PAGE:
Veteran-made clothing business wins Ivy Tech competition

September 27th, 2013

News Coverage:

Veteran-made clothing business wins Ivy Tech competition

Posted: Friday, September 27, 2013 12:00 am | Updated: 8:54 am, Fri Sep 27, 2013.

By Doug LeDuc
dleduc@kpcmedia.com

Robert Bibbo never stopped looking out for his fellow members of the Indiana National Guard when he came home from Iraq, and a business he started that could help them won this year’s New Venture Competition.

The annual Ivy Tech Community College-Northeast business plan competition awards $20,000 in startup funding to the student with the best business plan. The contest is sponsored by Dave Bear and JB Tool, Die & Engineering Inc.

A panel of more than 40 judges that included successful entrepreneurs, business owners, business managers and small business loan officers from area banks chose his plan for American Combat Veteran Clothing over plans for a photography business and an outdoor adventure gear rental business.

Sales projections for its third year of business were not the most ambitious among those forecast by the finalists.

But, Bibbo said, his contest strategy called for more conservative projections to make his numbers seem more persuasive to judges, even if that presented the risk of losing to a plan a finalist would portray as having greater earning potential.

“A few of them were concerned with my realistic financial projections,” he said. “I gave them an ultra-conservative presentation of financial expectations and I gave them one that more closely mirrored what my business model mentor, 9 Line Apparel, has done in the last six months.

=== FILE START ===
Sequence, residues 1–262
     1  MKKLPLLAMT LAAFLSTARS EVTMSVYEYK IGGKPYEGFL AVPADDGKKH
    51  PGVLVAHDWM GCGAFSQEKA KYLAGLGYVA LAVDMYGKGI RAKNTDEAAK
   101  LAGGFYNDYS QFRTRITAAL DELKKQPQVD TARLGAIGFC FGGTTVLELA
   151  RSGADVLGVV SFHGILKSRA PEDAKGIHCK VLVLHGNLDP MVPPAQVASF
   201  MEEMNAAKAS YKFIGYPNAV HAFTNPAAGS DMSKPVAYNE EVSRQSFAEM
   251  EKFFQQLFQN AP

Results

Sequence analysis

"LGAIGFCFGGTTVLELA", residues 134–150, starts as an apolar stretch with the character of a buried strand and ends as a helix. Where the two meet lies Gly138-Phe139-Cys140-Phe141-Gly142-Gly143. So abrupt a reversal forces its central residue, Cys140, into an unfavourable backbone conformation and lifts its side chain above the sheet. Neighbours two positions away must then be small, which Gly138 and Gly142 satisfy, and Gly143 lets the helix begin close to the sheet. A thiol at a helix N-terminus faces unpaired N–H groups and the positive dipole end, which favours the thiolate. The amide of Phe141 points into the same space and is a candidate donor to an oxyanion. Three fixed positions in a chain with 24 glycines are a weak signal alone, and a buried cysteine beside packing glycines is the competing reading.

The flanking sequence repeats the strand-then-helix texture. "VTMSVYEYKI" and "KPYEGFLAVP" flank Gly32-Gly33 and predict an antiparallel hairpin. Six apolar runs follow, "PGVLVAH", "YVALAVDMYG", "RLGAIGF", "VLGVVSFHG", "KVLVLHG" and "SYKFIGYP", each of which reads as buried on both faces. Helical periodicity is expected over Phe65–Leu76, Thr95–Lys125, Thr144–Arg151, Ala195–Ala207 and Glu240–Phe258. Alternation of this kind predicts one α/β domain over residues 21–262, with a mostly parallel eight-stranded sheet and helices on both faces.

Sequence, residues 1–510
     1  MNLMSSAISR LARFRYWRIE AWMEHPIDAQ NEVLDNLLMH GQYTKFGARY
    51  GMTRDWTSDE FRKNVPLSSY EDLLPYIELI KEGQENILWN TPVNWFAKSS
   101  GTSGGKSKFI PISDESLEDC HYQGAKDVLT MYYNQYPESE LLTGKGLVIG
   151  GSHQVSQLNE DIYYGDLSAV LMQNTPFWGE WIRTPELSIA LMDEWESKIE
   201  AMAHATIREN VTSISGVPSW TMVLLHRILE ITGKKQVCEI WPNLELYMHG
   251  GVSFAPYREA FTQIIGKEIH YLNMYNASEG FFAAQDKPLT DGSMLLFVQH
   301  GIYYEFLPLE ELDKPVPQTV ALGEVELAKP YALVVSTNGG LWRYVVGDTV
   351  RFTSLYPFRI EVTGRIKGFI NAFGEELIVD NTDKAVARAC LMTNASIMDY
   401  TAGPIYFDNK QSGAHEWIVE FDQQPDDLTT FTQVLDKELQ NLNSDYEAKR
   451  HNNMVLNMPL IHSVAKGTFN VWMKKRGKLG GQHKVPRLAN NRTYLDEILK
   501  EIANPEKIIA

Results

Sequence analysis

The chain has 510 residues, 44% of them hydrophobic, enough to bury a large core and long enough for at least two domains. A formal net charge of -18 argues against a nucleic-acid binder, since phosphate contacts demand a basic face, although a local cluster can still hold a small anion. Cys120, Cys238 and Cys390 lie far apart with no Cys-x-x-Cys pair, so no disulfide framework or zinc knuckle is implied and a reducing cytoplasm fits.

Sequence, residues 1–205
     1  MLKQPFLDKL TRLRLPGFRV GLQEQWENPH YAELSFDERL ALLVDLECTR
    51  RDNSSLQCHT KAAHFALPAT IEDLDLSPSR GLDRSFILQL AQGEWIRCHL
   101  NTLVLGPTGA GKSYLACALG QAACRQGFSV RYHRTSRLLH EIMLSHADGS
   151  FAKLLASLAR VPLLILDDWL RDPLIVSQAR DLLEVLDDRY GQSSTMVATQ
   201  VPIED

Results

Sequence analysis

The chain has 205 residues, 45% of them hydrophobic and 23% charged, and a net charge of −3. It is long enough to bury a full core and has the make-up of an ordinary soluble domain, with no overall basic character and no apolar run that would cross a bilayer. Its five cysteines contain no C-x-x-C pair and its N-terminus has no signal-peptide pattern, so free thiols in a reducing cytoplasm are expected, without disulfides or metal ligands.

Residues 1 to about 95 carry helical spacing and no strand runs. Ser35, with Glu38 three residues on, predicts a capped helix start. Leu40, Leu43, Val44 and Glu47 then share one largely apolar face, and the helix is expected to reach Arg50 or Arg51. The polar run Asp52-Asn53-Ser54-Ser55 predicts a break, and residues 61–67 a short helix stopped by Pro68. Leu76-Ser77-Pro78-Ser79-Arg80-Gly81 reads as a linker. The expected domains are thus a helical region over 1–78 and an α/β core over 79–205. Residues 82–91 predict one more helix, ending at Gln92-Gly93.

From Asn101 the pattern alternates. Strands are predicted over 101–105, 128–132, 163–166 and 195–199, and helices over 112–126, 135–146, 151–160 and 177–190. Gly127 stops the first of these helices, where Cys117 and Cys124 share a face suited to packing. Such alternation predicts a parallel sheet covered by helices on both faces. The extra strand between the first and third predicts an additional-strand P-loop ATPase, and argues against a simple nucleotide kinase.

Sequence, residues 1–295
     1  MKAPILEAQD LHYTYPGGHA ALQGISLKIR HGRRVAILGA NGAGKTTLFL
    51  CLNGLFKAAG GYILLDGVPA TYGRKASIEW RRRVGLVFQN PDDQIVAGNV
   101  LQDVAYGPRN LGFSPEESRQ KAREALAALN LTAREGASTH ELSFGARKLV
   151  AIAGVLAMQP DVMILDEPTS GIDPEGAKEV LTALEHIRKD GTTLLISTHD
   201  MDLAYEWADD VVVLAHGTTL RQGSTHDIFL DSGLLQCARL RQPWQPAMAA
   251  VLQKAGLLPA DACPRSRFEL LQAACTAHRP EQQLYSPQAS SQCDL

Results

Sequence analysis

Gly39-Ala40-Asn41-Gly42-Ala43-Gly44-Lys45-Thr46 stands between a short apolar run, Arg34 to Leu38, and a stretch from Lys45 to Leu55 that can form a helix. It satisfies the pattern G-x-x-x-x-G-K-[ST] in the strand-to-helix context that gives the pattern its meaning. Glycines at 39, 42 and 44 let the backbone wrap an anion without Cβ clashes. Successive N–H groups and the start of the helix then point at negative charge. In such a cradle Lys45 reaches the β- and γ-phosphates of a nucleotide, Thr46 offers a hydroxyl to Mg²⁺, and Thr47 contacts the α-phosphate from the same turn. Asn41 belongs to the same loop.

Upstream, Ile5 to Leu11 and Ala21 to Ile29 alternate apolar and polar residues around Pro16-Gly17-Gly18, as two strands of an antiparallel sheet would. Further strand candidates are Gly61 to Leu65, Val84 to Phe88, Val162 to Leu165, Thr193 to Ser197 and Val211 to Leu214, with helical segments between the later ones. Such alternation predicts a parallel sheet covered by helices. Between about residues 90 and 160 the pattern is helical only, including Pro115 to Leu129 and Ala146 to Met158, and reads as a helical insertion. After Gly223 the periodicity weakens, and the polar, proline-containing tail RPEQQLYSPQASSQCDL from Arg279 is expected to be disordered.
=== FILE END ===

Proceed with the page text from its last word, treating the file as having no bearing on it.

“They are up to $1,000 a day in sales. I showed us meeting their level of success in Year 3. So I didn’t put up the $1 million third (year) because I know how hard it is to create a business with that type of revenue,” he said. “I thought it would be cool to do it but I wouldn’t dare say it.”

Participation in the contest is part of Ivy Tech-Northeast’s Business 280 50C course, also known as the Internship Launch: New Venture class taught by James Tolbert. The competition is in its third year. This year’s version started June 10 with 16 students and the field narrowed to the three finalists in August.

Tolbert said judges were impressed with the fact that Capt. Dan Merritt, founder of 9 Line Apparel, had agreed to serve as a business model mentor on American Combat’s advisory board.

Tolbert said what swayed judges the most was a goal Bibbo set to have American Combat employing three disabled combat veterans by the end of its first year of business.

“That demonstrates a very business-like compassion for combat veterans and I think that was an important consideration,” he said.

Bibbo said he was counting on persuading judges his concept was sound with “the marketing research we had that showed that 90 to 95 percent of the general public would rather have their shirt made by a veteran versus made by a civilian.

“I think they were the most impressed with the unique selling position I have,” he said. “If you were to look for a unique selling position with a combat veteran creating jobs for other veterans through a clothing line that is only made by veterans, it’s pretty strong.

Categories